You could easily get bruising on the wrist from practicing wrist releases, especially if you’re working with your instructor and they want you to experience breaking free from the real thing. The bruise you might get from the training could be indistinguishable from someone forcefully grabbing your wrist. Practice involves simulation.

We don’t know what his martial art is. “Dojo” is a common term in the US when referring to a martial arts school because everyone knows what it means. When I was a kid I’d tell people I was going to my “karate school” because no one knew what Taekwondo was and Taekwondo is the second-most popular martial art in America. So, we don’t know what he’s practicing and don’t know what’s normal at his school.

Lots of traditional Japanese martial arts don’t practice with pads, or use them in a very minimal way. If he’s practicing any strand of Karate — which he might be, karate is one of the most common martial arts — there’s going to be more bruising there.

Starke:

Is this abusive? Without a more comprehensive investigation, I wouldn’t be comfortable making that call. I’m inclined to think that it’s a credible story, so far as it goes.

Is it fine? Not exactly, but minor bruising isn’t automatically a sign that anything’s wrong with the Dojo. This could be the result of a cautious instructor making the right call, and not asking the boy to practice with his fellow students.

Ultimately, I don’t know. There’s not enough information on what happened here. I’m inclined to think everything’s fine, but I have scars from training, so my zero point might be a little off.

Michi:

Martial arts studios are businesses. The most common students studios make the most money on is children between the ages of five to twelve, and many parents use martial schools as after school day-care. These are usually family oriented establishments who put a heavy emphasis on child safety, they have to or else they don’t stay in business. I’m not going to say abuse doesn’t happen in martial arts schools, it does. However, we’d need a lot more information to make a judgement call.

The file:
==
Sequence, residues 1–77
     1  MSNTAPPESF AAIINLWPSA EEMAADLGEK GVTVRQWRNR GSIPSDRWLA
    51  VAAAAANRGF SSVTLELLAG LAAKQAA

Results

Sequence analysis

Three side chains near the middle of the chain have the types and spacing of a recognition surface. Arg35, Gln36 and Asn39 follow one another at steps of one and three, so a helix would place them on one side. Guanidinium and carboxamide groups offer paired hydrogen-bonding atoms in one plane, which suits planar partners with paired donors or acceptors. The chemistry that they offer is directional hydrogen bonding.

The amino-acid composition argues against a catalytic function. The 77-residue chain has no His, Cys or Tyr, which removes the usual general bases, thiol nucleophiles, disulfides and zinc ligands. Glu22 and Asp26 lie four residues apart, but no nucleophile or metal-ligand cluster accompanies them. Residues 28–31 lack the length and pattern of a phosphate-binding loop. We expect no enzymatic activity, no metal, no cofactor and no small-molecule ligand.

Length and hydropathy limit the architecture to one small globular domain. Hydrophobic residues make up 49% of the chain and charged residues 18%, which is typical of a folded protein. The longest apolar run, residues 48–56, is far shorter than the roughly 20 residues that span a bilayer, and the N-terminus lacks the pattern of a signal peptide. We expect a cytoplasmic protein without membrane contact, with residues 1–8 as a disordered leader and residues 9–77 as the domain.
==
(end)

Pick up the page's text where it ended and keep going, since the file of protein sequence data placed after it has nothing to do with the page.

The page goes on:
I don’t know his martial art. I don’t know his belt ranking or how long he’s been training. I don’t know if these bruises are common for him or not, if this is a first or just the first time his school teacher noticed them. I don’t know if he’s had any serious behavior changes within the past few months which might indicate psychological signs of abuse which correlate with his injuries. From the information given, I’d say his bruises are most likely the result of normal training; especially if he wasn’t hiding them.

Exterior bruising on the outside forearms, upper arms, thighs, and shins is very common in Taekwondo because these spots are where you take the hits. Interior bruising on the inner arm/inner leg is less usual but not concerning. The severity of the bruises, the color and depth of penetration are the important factors because I need to know how hard they’re getting hit. I’d want to know about bruises around the core, and I’d still need an established pattern rather than knowing if it was a one off accident. The only place I’d initially be very concerned about is bruising on the face or neck. A ten year old should not be getting bruised on his face or neck, especially not by his instructor, but I have seen it happen from other students as an accident. I’d also need to observe the instructor, the demeanor of the students, the attitudes of the parents, and probably on multiple occasions to be certain.

Let me tell you though, the instructors are the ones who come away with the most bruises. We’re the punching bags, especially for younger students. Even when it’s something simple like holding out a paddle, you never know when they’re going to miss and… there go the fingers. I can’t tell you how many jammed and occasionally broken fingers come out of board breaking seminars. Someone is going to miss at least once. Again, you need to hit and get hit to ultimately test out whether your technique is working. Your instructor is the one who is safest to do this with because they’re the only ones with the control to hit just hard enough so the child learns whether or not they’re doing the block right. This lets them simulate the real thing without being in any danger, even from the other students. The worst bruises come from your peers, not your teachers.

Media dresses up martial arts training to be more harsh and nefarious than it actually is. We deal with those questions on this blog all the time. The real world is much less salacious and more mundane. Martial arts training for kids is very safe, much safer than some other sports (I’m looking at you football and gymnastics), but it does involve physical contact which can result in bruising.

-Starke and Michi